Photographer Basia Pawlik: “It’s a very tough industry.”

“People say fashion is not realistic, even so I like to give my little piece of beauty to the world, which can be really ugly.”


2016-16-april-vol-ii-b-pawlik-web-cutTo begin, can you please give us a little intro as to what motivated you to become a photographer? It just happened. I used to shoot on film as a child, almost everything. Then I started in fashion seven years ago and I can’t stop, when I don’t shoot for a while I feel like an addict – I need to create again.

In your opinion, what are the ingredients for success with photography? Being open to learn, develop and go out from your comfort zone. Also being very critical to your own works, if you think you’re the best, you won’t go any further and learn from your mistakes. The most important in my opinion is to watch, especially good photography, to get inspired. And not to give up, no matter what.

What intrigues you most about fashion photography? I must admit, I never thought in the past I will do fashion photography, I used to think it’s stupid! After I tried I realized this is what I love most in photography. Looking at models transforming in front of the camera, waiting for perfect pose or moment… Creating beauty, showing emotions. People say fashion is not realistic, even so I like to give my little piece of beauty to the world, which can be really ugly.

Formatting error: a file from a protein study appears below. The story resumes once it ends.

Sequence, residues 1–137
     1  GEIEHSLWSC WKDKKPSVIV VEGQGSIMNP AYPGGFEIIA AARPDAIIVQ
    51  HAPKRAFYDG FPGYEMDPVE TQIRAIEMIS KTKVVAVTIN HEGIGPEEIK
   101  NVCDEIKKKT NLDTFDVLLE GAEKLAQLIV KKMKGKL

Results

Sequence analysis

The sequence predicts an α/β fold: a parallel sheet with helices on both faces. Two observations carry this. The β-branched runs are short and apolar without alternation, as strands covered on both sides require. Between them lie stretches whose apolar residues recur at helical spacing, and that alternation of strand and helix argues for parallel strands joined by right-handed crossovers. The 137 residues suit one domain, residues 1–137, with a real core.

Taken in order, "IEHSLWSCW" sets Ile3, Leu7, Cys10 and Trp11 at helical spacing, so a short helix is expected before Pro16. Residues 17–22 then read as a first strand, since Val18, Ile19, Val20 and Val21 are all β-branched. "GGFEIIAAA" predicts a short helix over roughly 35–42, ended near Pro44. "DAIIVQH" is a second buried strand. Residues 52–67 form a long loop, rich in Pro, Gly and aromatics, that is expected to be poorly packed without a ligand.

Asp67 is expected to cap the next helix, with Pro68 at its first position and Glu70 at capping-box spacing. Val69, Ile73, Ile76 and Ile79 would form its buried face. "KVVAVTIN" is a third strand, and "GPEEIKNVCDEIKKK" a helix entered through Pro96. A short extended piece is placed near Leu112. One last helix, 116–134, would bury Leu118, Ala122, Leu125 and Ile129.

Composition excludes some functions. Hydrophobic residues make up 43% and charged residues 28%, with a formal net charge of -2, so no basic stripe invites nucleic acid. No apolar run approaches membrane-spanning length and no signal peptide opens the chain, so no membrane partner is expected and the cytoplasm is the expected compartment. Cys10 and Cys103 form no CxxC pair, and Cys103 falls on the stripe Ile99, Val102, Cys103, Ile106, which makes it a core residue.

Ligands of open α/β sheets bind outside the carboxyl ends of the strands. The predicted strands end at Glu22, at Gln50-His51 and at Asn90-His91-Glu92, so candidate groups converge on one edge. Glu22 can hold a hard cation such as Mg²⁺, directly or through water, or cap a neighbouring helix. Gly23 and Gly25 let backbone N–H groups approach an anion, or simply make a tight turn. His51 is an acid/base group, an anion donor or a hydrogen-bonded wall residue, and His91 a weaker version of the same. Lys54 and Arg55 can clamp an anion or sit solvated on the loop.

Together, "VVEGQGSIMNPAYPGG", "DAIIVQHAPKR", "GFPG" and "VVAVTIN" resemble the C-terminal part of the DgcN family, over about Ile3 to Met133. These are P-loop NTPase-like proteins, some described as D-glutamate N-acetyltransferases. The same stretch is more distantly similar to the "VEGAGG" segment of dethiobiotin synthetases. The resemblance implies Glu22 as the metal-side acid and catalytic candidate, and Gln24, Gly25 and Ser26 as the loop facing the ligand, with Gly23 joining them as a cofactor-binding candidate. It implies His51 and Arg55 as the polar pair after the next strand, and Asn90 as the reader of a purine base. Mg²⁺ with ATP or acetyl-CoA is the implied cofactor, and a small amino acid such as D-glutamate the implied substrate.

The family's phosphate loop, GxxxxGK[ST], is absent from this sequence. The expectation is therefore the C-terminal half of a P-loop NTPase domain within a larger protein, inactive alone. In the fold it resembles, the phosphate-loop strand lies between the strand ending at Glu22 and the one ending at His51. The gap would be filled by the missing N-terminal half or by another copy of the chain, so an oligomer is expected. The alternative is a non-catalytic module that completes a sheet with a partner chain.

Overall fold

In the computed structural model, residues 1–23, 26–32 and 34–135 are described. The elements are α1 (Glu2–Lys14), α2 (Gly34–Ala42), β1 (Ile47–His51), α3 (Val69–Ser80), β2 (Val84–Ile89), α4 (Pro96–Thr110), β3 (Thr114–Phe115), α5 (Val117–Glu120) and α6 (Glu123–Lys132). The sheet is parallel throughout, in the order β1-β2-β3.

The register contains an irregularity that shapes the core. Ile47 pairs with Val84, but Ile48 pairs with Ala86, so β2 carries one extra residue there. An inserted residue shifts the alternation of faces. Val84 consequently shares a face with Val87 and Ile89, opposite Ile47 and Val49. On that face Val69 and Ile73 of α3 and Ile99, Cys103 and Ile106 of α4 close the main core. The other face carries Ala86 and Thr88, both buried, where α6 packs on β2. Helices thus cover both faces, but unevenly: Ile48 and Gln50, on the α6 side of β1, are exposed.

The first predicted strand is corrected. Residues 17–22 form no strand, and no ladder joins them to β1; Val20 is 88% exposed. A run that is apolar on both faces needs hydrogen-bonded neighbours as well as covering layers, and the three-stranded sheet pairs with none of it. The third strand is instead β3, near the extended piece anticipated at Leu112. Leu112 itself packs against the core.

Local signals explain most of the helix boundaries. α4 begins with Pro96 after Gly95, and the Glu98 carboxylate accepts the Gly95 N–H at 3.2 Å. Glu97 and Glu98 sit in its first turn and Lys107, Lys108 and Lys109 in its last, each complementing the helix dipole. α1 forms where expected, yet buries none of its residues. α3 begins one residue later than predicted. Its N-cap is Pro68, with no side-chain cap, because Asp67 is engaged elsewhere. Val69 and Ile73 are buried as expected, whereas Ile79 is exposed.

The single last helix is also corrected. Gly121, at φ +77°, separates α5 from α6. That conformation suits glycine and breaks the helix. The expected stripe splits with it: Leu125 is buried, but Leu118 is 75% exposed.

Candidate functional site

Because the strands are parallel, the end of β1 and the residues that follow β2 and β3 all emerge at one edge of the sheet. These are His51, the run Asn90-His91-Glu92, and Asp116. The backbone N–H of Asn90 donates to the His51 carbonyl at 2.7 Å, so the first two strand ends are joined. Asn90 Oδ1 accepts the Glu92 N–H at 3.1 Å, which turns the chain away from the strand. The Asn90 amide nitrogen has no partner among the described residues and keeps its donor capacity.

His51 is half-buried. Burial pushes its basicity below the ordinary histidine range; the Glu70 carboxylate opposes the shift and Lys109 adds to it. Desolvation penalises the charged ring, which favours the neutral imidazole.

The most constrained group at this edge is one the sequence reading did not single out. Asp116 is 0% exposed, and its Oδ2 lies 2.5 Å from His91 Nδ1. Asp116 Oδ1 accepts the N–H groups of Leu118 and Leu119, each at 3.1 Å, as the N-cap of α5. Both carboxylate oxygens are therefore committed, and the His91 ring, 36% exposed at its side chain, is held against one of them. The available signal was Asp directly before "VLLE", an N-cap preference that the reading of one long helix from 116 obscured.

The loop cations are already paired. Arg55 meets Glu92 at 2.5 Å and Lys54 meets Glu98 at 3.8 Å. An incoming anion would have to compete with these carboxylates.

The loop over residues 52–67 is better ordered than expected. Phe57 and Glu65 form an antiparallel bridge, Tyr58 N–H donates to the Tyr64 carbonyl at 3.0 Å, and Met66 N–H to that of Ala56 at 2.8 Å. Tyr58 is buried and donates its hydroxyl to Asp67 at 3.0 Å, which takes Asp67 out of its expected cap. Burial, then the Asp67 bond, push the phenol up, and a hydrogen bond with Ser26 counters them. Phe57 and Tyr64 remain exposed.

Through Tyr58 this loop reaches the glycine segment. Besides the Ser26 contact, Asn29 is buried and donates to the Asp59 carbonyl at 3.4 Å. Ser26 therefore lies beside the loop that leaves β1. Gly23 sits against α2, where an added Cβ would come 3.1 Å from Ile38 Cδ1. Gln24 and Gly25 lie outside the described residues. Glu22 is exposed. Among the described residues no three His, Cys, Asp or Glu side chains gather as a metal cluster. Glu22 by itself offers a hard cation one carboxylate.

What do you hope people take away from viewing your images? I hope they see what I keep saying: everyone is beautiful, there are no ugly people or people who look bad on pictures. If you think so, you need a proper photographer. A lot of viewers admit they like how I work with colors, it’s a big compliment for me.

What is your best source of inspiration in your photography journey? It can be anything, but I love to watch other photographers works, they can be very inspiring and they push me to do better. I am a movie fan, I love documentary and older, black & white cinema, filmmakers work is also a big inspiration, my favourite are Werner Herzog, Wim Wenders, Wes Anderson and Krzysztof Kieślowski.